Solar panels provide continuous trickle charging to batteries when sun is available, which helps extend battery life. The life of a battery is measured in cycles, and a traditional lead-acid or AGM battery typically lasts 300-400 cycles. But a cycle is only complete when it goes from a 100% state of charge to 0%. So when additional power like solar energy keeps it charged, it prevents the cycle from being completed, extending battery life. 

“Solar panel technology has advanced so much, and the price of panels has come down a lot in recent years,” Chandrani said “Xantrex has peel-and-stick panels, so fleets don’t have to worry about drilling holes. You just peel the backing off and apply it on the roof. The surface doesn’t even have to be flat. Adding solar to a Freedom eGEN system presents a viable alternative for work truck fleets.”

Tip 6: Use an Inverter With a Built-In Battery Charger

An inverter can be a practical alternative to replace a generator. Inverters serve three key purposes. First, they can convert DC power from the battery into AC power. This energy source replaces a generator to run things like power tools, laptops, or even a microwave or coffee maker in a sleeper cab. 

When AC power is available, inverters can also serve as a charging source for batteries. With a built-in transfer switch, Xantrax inverters allow the charger to be plugged into shore power but also let electricity flow through to power laptops, power tools, and the like. When AC power is disconnected, the unit inverts DC battery power into AC electricity.

“Xantrex inverters as part of the Freedom eGEN system can help eliminate the generator,” Chandrani said. “A key thing to look for in an inverter is surge capacity and how long it may surge. Xantrex manufacturers specific inverters that surge to twice its rated capacity for 5 full seconds. This power surge is required to start things like an air conditioner. Anything with a motor needs this initial power surge, otherwise, it won’t start.”

Inverters also have an edge over generators in that they put out energy in a more efficient manner. Where a 10,000-watt generator will always produce that same amount of energy whether you plug in a heavy or small load, an inverter will only produce the amount of power needed to operate tools and equipment. 

Tip 7: Use Idling Data to Coach Drivers

While fleets can use hardware to reduce idling, oftentimes, drivers have the most control of how much a truck idles. That’s where fleet management software comes in. 

To combat these behaviors, fleet managers can encourage idle reduction best practices, like requiring their crews to turn off their vehicles when they arrive onsite instead of waiting until the end of the workday or even during bathroom breaks.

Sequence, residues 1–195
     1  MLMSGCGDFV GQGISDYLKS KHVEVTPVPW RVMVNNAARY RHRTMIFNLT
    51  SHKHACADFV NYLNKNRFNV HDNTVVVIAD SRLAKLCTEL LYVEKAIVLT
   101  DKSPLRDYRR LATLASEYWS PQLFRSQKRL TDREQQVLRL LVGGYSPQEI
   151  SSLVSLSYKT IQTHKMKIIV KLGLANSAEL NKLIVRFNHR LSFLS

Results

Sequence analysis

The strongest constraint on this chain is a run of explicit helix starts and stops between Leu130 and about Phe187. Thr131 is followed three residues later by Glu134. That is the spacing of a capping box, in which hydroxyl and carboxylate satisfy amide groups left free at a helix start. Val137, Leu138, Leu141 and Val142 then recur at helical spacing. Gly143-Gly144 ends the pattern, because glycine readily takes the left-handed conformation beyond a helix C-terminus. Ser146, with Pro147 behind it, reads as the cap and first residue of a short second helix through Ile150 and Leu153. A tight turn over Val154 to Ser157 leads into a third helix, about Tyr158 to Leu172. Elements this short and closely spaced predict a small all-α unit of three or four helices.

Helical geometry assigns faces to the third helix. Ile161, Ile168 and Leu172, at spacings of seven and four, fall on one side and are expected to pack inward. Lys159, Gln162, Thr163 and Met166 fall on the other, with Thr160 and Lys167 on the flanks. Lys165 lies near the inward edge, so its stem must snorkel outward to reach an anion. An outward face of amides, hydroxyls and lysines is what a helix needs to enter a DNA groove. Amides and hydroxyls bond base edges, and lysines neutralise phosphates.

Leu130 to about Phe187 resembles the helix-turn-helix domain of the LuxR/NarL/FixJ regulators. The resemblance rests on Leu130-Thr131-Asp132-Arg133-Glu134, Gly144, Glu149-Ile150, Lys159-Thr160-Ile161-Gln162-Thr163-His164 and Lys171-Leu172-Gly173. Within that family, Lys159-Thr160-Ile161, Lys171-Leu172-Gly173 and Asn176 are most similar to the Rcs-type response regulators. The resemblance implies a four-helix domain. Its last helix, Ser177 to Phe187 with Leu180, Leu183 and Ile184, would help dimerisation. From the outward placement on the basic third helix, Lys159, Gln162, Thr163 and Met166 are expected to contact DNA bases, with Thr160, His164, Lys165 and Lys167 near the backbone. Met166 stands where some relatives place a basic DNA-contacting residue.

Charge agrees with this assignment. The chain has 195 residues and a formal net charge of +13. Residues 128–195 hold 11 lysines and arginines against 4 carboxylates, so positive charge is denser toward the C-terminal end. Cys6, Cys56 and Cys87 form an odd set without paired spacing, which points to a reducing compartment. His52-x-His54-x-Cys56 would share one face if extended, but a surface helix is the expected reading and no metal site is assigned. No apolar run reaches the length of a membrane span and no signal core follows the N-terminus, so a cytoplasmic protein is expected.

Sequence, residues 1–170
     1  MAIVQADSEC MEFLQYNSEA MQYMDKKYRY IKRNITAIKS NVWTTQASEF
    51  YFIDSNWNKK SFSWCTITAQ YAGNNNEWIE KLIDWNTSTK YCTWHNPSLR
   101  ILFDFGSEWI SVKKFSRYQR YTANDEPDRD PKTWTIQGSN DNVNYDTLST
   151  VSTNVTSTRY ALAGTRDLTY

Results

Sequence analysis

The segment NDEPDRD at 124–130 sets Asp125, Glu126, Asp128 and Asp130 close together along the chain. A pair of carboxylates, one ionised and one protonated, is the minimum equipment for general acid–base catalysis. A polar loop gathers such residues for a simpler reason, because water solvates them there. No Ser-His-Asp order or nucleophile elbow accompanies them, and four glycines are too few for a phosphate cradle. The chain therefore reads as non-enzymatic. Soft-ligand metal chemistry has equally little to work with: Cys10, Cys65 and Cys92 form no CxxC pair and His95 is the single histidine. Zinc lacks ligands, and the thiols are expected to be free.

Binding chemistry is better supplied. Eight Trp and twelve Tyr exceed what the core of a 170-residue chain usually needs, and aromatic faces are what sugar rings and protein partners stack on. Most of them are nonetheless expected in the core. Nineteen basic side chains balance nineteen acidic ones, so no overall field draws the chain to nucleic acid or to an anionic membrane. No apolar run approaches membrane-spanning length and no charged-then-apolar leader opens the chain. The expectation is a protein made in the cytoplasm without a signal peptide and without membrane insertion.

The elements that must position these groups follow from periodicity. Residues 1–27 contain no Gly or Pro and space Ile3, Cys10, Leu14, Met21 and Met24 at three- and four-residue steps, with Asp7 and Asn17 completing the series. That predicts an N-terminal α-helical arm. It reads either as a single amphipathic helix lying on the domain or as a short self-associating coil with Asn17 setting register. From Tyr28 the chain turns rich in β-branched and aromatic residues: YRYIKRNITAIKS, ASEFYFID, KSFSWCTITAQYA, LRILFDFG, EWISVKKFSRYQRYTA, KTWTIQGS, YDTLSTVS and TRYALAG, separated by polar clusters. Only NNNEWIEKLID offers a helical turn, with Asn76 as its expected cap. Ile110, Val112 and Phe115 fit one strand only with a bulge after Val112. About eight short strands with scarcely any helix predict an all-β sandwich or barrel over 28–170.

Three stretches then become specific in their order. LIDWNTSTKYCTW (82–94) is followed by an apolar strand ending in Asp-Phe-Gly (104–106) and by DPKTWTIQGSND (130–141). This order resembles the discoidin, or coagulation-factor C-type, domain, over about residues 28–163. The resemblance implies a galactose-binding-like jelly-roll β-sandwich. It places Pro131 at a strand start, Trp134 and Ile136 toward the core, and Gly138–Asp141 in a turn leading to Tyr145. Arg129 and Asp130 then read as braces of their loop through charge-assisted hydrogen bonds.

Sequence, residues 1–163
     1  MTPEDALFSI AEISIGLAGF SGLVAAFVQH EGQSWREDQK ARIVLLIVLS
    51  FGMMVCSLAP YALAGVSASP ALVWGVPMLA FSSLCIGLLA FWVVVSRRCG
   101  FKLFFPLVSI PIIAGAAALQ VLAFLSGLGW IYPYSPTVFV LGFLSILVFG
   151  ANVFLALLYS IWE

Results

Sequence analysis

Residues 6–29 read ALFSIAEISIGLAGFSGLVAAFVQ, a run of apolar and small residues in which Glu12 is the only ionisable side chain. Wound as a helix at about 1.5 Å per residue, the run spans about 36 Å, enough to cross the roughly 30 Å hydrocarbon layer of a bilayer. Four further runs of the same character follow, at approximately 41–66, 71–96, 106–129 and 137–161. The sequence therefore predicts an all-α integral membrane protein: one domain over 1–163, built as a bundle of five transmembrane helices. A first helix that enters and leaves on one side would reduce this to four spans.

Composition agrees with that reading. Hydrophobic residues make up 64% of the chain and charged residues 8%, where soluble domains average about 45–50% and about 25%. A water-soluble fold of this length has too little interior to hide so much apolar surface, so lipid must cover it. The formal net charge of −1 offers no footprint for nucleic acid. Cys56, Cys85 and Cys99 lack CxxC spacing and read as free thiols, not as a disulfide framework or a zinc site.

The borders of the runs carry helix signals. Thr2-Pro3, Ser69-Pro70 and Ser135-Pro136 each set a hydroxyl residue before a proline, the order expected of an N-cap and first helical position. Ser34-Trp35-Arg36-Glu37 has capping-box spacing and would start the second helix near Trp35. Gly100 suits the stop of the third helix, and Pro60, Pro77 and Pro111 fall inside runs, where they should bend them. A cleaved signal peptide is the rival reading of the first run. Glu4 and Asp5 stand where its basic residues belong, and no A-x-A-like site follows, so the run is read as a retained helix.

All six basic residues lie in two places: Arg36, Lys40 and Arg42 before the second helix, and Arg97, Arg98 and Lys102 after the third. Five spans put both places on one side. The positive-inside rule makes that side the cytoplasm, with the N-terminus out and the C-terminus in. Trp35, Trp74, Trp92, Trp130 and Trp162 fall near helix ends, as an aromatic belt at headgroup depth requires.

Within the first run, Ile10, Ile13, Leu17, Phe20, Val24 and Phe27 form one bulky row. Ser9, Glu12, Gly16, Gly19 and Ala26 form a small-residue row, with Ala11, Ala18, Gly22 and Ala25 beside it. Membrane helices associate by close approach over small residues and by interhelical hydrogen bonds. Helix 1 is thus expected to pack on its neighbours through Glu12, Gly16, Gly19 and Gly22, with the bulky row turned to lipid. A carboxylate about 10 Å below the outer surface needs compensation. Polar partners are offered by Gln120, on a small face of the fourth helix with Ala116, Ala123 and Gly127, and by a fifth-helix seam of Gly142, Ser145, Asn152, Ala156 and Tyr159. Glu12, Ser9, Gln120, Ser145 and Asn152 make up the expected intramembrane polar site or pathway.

“Managing employee behavior and driver and operator compliance can be a challenge for fleet managers,” said Nick Grandy, Vocational GM – Industrial Services, Zonar. “It is crucial that the entire team is on the same page and striving for the same goal, including management.”

Using data from a fleet management system (FMS) can catalyze drivers to rally around idling reduction efforts. FMS data show who is idling, where they are idling, and for how long. Fleet managers can also set up idle alerts based on time, which gives them real-time notifications and insights, whether job-based, site-based, or time-based. For instance, if there is a place where drivers are known to socialize while idling, a fleet manager can be notified of it and address it.

“Within these management systems, fleets should be able to track fuel efficiency and use, capturing and comparing actual driver habits to a simulated driver that performs at maximum efficiency for a configured trip,” Grandy explained. “Through this, fleet managers can input thresholds for idle time based on what the operation team considers excessive, track and monitor each vehicle and driver’s fuel use, and then use that data to coach drivers on how to operate more efficiently.”

Western Utility, a construction leader based out of Illinois, began looking closer at its fleet’s idle times about two years ago. Using Zonar’s idle reports and alerts, the company could coach drivers and decrease excessive idle times by 40%. As a result, on-road diesel fuel usage saw a 35% decrease over the entire fleet, saving about $2,000 per month in operating costs.

Tip 8: Make Idling Reduction a Game for Drivers

If coaching drivers doesn’t change their behavior, driver scorecards and gamification can be an effective way to get them on board.

“Gamification includes prioritizing idle reduction performance as a safety initiative, similar to what fleets do with hard-braking and harsh acceleration,” Grandy explained. “Technology can help support gamification programs by automatically capturing the driver’s performance from the vehicle’s telematics technology as it relates to idle time and hard accelerations. That data is then saved to that driver’s scorecard for the fleet manager and the driver to track on an ongoing basis.”

Fleet managers can use scorecard data to offer rewards like gift cards, time off, and bonuses as incentives to promote idle reduction.

Any Idle Reduction Equals Direct Savings

No matter whether your idling reduction efforts are big or small, making any change will reduce fuel spend and vehicle emissions.

“The cost of fuel, both gasoline and diesel, has doubled over the past 18 months, so this topic is at the top of every fleet manager’s priority list,” Sentell said. “Increased prices place an incredible amount of stress on their operations and maintenance budgets, so any reduction in idling correlates to direct savings.” 

What are you doing to reduce idling in you fleet? We have more tips for fleets looking to save on fuel costs.